Local News

Yakutat gold boom goes bust

The beach fish camp at Strawberry Point is one of the areas of Yakutat where mining claims were staked. Ed Schoenfeld/CoastAlaska News

The beach fish camp at Strawberry Point is one of the areas of Yakutat where mining claims were staked. Ed Schoenfeld/CoastAlaska News

An Oklahoma company’s plan to mine gold from a large area around Yakutat is dead and buried. But there’s still interest in smaller operations near the northern Southeast community.

Walk along the water at Yakutat’s Strawberry Point, and you’ll see a well-used fish camp. Miniature houses with windows and siding stand next to wall tents, Quonset huts and weather-damaged cabins.

There’s plenty of driftwood for fires, wildflowers for photos and seabirds for watching.

There’s also plenty of sand, sand one company claimed could bring Yakutat one hell of an economic boom.

“The preliminary sampling shows a potentially commercial deposit of gold and silver on the surface,” said Tim Cannon of Cross Timbers Forestry, in a 2009 interview. (Hear more of that story.)

The Yakutat forelands just east of the city. Gold claims were staked for similar areas. Ed Schoenfeld/CoastAlaska News

The Yakutat forelands just east of the city. Gold claims were staked for similar areas. Ed Schoenfeld/CoastAlaska News

His Oklahoma firm conducted field work for Geohedral LLC, which staked claims on about 60,000 acres around Yakutat. The area included beaches, upland dunes and a nearby mesa.

Geohedral said it found strong evidence of gold, silver, iron and titanium worth a king’s ransom – well, maybe Bill Gates or Warren Buffett’s ransom.

And then …

“It went from something like a $40-billion-dollar project to nothing practically overnight,” said Skip Ryman, manager of Yakutat’s Borough government.

“It had potential to get people really excited and stir up a lot of controversy. But the town held its own. It just said wait and see,” he said.

Conservation and Native groups raised environmental concerns.

Backers spread the news that assays – tests that determine mineral content – suggested there could be 35 million ounces of gold. That’s about a thousand tons.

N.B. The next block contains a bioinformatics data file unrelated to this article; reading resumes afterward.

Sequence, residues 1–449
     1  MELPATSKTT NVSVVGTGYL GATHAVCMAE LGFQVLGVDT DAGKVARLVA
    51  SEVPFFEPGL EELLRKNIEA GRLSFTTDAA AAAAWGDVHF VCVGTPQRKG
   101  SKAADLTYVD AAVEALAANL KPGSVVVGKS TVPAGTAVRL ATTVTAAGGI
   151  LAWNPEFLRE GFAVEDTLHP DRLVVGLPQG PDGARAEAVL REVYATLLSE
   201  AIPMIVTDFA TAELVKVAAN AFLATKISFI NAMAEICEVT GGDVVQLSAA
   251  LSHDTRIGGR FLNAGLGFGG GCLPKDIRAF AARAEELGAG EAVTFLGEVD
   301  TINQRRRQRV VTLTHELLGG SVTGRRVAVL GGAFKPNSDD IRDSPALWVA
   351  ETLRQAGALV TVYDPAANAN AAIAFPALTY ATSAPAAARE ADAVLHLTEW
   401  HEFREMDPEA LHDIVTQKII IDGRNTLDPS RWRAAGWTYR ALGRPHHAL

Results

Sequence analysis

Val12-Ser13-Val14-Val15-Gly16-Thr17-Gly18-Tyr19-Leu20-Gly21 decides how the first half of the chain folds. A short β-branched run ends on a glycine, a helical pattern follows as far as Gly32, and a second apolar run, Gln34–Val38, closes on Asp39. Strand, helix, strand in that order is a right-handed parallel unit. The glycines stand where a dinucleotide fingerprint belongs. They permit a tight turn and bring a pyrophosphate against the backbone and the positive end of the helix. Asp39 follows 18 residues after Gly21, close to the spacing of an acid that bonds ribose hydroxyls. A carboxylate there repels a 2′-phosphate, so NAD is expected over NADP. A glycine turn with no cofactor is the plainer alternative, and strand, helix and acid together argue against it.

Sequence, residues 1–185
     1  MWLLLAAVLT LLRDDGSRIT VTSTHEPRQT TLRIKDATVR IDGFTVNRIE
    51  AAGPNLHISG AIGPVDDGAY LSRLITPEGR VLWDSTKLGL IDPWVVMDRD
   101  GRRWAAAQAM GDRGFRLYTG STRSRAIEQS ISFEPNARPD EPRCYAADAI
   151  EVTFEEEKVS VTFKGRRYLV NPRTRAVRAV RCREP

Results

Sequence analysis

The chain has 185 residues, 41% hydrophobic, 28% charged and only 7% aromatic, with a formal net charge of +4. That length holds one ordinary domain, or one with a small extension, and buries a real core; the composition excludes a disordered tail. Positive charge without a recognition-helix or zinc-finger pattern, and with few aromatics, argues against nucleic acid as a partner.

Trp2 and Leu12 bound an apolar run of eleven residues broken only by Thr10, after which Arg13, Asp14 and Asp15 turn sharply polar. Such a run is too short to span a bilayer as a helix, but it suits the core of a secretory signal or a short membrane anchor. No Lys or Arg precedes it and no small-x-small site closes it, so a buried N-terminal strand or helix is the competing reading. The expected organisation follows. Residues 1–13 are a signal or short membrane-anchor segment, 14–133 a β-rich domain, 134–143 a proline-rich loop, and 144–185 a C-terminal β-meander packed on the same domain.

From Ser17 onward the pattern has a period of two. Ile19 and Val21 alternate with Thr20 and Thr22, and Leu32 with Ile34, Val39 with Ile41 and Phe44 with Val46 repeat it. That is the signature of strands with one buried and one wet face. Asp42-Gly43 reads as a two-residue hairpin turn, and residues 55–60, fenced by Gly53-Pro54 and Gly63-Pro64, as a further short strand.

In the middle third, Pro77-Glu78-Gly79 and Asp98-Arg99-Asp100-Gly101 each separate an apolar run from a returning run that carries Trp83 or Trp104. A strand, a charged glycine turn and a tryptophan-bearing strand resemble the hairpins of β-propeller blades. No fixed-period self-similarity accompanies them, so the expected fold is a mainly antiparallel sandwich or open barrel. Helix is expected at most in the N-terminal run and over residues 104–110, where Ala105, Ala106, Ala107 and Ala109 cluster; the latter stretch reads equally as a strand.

Then came word of follow-up tests showing much less mineral content, not enough to be worth mining.

Yakutat municipal planner Bill Lucy says eventually, Geohedral gave up its mining claims.

“After some of the reports from (the state Department of Natural Resources) and the Forest Service mining permitting people expressing doubt, the company went away,” Lucy said.

A call to Geohedral’s Oklahoma City phone number was answered by Herb Mee Jr. He was president of The Beard Company, a major investor, when the claims were filed.

He declined to be interviewed. But he confirmed the Yakutat mining claims were not maintained and the effort is long over.

Meanwhile, court documents show The Beard Company filed for Chapter 7 bankruptcy last fall. That usually leads to liquidation.

Yakutat’s Lucy says others remain interested in mining, but on a far, far smaller scale.

“Those are small mom-and-pop operations. A lot of its beach placer mining with a pan, after a storm, and they can get a pretty good amount of gold up there,” he said.

He says some dredge-mining permits propose operations at the Alsek River, to the east, and the White River, to the west. But nothing’s happened so far.

Lucy also staffs the fisheries advocacy group Yakutat Salmon Board.

He says an operation like Geohedral’s could harm fish and wildlife, as well as subsistence and commercial harvests. But small dredge mining could be done in a way that would not damage salmon habitat.

Comments

Please read our comment guidelines.

Recent News

Botanists look to fern for clues to Southeast’s past

Brad Krieckhaus, botanist at the Sitka Ranger District, made the first modern find of the fern on the southwest side of Baranof Island in Summer 2005.
A species of fern common in Asia has been found in Southeast Alaska. But unlike invasive species, Wright’s filmy fern is an early colonizer. And figuring out how and when it got here is the next piece of the puzzle. more

Rob Harcourt: Where the wild things swim

Rob_Harcourt
Rob Harcourt is a professor of Marine Ecology at Macquarie University in Sydney, Australia. He's in Sitka as a Scientist in Residency Fellow (SIRF) at the Sitka Sound Science Center. Harcourt uses advanced tagging techniques to study ocean animals and their habitat -- everything from jellyfish to blue whales. He'll be speaking tonight (6PM Wed Apr 22, Alaska Raptor Rehabilitation Center, free) on climate change and penquins: "Will Happy Feet feel the heat?" With SSS research director Tory O'Connell. Downloadable audio. more